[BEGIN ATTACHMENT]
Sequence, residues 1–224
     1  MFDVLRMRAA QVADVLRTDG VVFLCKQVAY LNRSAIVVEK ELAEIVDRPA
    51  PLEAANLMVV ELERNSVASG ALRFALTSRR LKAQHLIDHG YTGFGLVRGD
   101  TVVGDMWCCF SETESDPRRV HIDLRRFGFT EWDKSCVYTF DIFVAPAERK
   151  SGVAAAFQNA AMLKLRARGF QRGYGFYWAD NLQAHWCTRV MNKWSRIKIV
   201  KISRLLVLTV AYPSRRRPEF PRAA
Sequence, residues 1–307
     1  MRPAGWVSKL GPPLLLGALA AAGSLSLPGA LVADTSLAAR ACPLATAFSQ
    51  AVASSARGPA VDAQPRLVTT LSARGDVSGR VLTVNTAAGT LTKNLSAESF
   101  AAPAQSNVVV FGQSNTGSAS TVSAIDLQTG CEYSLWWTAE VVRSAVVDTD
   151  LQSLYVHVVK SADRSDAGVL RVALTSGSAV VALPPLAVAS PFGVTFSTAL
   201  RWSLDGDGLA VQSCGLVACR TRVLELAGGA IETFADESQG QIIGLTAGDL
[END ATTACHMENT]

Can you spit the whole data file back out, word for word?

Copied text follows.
Sequence, residues 1–224
     1  MFDVLRMRAA QVADVLRTDG VVFLCKQVAY LNRSAIVVEK ELAEIVDRPA
    51  PLEAANLMVV ELERNSVASG ALRFALTSRR LKAQHLIDHG YTGFGLVRGD
   101  TVVGDMWCCF SETESDPRRV HIDLRRFGFT EWDKSCVYTF DIFVAPAERK
   151  SGVAAAFQNA AMLKLRARGF QRGYGFYWAD NLQAHWCTRV MNKWSRIKIV
   201  KISRLLVLTV AYPSRRRPEF PRAA
Sequence, residues 1–307
     1  MRPAGWVSKL GPPLLLGALA AAGSLSLPGA LVADTSLAAR ACPLATAFSQ
    51  AVASSARGPA VDAQPRLVTT LSARGDVSGR VLTVNTAAGT LTKNLSAESF
   101  AAPAQSNVVV FGQSNTGSAS TVSAIDLQTG CEYSLWWTAE VVRSAVVDTD
   151  LQSLYVHVVK SADRSDAGVL RVALTSGSAV VALPPLAVAS PFGVTFSTAL
   201  RWSLDGDGLA VQSCGLVACR TRVLELAGGA IETFADESQG QIIGLTAGDL